It's safe to say the World Series title defense is not going as hoped for the Royals this season. With seven losses in their last 10 games, Kansas City is 49-51 on the season and 6 1/2 games out of a postseason spot. There's even been talk of the Royals selling at the deadline.

If the Royals do decide to pull the plug on 2016 and sell, arguably their most attractive trade chip is closer Wade Davis, who owns a 1.09 ERA (380 ERA+) with a 0.87 WHIP and a 219/58 K/BB in 173 innings since moving into the bullpen full-time in 2014. He also allowed just one earned run in 25 postseason innings from 2014-15.

The Yankees just received a massive four-player haul for Aroldis Chapman and it stands to reason the 30-year-old Davis could fetch even more because his contract includes a $10 million option for 2017. Chapman will be a free agent this winter. That extra year of control with Davis is huge. The Royals can and should place a high price tag on their ninth inning man.

It's no surprise then that many teams have already been connected to Davis in the days leading up to Monday's trade deadline. Will someone make a good enough offer to pry him loose? We're just going to have to wait and see. Either way, Davis carries some red flag this season, which may give teams pause before considering a trade. There are four big red flags, in fact.

There are some reasons to worry about Wade Davis. USATSI

1. His strikeout and walk numbers have taken big steps back

When you look at the numbers, you'll see Davis has a 1.60 ERA (280 ERA+) and is 21 for 23 in save chances. That's really good! At the end of the day, his job is to prevent runs and rack up saves, and Davis is doing exactly that.

Under the hook is where you can see the more troubling trends, specifically a rather drastic decline in Davis' strikeout and walk rates. Check it out:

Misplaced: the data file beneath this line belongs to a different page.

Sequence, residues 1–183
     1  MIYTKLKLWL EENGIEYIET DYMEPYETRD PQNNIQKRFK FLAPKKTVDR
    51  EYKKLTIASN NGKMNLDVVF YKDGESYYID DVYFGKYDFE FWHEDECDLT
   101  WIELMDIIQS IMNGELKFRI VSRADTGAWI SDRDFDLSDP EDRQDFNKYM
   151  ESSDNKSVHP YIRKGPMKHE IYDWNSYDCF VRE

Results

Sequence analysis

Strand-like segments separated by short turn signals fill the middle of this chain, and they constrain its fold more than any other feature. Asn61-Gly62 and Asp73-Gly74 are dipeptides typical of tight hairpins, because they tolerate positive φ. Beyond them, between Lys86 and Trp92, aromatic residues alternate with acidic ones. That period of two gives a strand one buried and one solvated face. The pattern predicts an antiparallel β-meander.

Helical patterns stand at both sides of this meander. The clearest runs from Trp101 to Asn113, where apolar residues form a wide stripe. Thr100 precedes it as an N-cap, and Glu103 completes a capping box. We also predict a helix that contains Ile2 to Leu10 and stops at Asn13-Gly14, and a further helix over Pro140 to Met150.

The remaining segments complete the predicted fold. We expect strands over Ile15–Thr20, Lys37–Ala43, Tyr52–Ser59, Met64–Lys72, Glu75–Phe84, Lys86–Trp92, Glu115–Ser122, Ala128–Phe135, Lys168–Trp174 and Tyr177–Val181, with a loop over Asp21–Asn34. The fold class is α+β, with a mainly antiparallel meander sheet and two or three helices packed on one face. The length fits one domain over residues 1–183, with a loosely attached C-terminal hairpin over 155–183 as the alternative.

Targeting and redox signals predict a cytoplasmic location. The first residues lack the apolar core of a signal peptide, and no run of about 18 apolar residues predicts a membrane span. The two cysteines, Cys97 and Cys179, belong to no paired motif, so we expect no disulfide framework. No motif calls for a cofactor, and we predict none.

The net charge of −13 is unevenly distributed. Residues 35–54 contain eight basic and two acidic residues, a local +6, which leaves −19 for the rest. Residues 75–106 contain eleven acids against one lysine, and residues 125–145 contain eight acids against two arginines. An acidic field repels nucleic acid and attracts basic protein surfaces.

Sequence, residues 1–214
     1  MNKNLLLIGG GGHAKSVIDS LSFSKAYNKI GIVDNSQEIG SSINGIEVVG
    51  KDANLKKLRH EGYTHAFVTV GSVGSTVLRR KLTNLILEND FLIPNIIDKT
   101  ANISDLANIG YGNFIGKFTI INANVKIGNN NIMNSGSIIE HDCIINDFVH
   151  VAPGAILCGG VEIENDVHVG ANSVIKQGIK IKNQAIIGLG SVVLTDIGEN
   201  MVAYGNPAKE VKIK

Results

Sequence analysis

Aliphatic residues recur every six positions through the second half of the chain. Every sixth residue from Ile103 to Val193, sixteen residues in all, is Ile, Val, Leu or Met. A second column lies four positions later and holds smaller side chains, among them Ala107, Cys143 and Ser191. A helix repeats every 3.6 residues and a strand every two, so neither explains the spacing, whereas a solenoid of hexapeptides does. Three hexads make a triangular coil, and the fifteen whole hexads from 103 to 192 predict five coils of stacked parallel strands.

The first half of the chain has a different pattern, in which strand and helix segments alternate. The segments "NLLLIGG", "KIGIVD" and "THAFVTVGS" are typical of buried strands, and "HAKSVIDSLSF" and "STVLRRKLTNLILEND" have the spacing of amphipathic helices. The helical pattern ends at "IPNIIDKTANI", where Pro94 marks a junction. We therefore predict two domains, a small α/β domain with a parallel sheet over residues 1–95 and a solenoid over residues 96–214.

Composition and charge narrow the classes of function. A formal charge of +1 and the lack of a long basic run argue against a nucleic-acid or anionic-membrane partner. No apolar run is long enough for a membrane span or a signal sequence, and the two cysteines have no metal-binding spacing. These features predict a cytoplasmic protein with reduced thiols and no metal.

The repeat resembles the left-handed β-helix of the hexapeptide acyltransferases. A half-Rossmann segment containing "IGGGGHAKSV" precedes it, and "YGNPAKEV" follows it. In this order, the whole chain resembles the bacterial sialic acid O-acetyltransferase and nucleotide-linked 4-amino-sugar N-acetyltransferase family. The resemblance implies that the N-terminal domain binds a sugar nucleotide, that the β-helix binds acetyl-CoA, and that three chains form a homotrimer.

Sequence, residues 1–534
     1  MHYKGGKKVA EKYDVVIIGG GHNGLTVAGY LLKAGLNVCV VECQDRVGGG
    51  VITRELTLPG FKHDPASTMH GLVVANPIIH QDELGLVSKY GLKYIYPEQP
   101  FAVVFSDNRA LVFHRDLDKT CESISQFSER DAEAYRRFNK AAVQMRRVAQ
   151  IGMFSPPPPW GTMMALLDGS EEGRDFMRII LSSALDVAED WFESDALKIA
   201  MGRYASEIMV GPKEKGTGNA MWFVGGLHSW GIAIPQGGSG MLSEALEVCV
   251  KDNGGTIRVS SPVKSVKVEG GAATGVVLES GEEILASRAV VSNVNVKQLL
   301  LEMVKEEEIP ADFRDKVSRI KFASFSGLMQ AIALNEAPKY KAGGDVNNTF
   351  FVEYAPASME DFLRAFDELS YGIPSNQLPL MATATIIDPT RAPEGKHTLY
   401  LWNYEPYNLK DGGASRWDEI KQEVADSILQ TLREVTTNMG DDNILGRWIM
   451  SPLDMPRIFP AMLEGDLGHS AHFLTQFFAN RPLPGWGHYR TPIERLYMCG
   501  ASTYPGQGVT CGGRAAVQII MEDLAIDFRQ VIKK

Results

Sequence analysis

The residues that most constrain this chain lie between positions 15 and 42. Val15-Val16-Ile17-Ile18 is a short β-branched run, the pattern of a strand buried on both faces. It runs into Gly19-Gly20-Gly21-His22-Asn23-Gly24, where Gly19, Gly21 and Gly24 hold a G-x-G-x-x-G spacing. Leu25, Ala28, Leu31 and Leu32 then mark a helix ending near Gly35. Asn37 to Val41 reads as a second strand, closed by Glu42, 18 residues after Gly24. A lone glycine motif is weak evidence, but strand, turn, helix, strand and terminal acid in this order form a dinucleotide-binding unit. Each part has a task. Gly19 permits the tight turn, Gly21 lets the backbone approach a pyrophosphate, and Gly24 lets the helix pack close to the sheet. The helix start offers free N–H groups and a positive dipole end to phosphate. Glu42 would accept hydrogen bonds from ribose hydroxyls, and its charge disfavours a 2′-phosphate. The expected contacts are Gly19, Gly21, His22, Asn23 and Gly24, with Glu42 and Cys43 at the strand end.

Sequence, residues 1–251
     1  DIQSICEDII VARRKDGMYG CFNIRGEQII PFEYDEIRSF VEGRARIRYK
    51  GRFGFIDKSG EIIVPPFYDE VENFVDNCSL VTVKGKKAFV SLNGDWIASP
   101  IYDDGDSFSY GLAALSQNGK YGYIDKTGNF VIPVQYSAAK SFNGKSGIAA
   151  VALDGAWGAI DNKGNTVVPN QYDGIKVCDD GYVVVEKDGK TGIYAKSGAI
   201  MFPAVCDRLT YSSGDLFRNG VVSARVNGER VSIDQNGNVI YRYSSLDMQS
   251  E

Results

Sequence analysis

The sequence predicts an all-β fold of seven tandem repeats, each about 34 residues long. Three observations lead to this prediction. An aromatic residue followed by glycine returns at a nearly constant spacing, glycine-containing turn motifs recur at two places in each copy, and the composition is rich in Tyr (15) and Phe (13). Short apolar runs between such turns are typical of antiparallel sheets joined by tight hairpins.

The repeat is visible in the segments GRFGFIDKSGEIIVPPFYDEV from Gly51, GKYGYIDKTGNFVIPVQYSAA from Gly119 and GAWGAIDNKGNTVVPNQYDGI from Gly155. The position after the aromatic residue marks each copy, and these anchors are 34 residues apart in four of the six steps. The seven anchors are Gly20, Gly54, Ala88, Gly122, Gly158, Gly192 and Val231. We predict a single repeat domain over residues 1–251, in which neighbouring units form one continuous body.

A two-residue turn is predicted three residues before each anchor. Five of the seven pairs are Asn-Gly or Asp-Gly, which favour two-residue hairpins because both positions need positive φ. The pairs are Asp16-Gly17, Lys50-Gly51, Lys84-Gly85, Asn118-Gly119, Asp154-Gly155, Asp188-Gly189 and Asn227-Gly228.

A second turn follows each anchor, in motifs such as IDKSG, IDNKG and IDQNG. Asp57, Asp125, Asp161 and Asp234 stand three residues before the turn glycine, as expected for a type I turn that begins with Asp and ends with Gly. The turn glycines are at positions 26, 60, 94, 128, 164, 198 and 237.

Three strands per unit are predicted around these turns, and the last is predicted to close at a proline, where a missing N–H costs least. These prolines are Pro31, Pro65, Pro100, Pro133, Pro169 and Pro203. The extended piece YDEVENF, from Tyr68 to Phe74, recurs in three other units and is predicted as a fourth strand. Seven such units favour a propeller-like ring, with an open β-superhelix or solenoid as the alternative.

Strikeout RateWalk Rate

The average strikeout and walk rates for relievers this season are 22.6 percent and 8.8 percent, respectively. Davis' strikeout rate from 2014-15 was far, far better than average. His walk rate was a touch better than average too. This year his strikeout rate is essentially average while his walk rate is higher than average.

For whatever reason, Davis isn't missing as many bats or throwing as many strikes in 2016 as he did from 2014-15. The ERA and save rate are great, yet he's having to work a little harder to put batters away this year.

2. Davis has stopped throwing his cutter

Like most pitchers Davis simplified his repertoire when he moved to the bullpen. He threw five and sometimes even six pitches regularly as a starter, but, in relief, he is primarily a fastball/cutter/curveball pitcher. The cut-fastball is a buzz saw that chews up lefty batters inside.

This month Davis has scaled back on his cutter usage, rather severely too. Here's his month-by-month pitch usage via Brooks Baseball:

That's a pretty big drop this month! That's more than the usual month-to-month fluctuation we see from every pitcher throughout the season. Davis has shelved his cutter, and when a pitcher suddenly begins steering clear of one pitch like that, it suggests he's lost feel for it and/or isn't confident throwing it.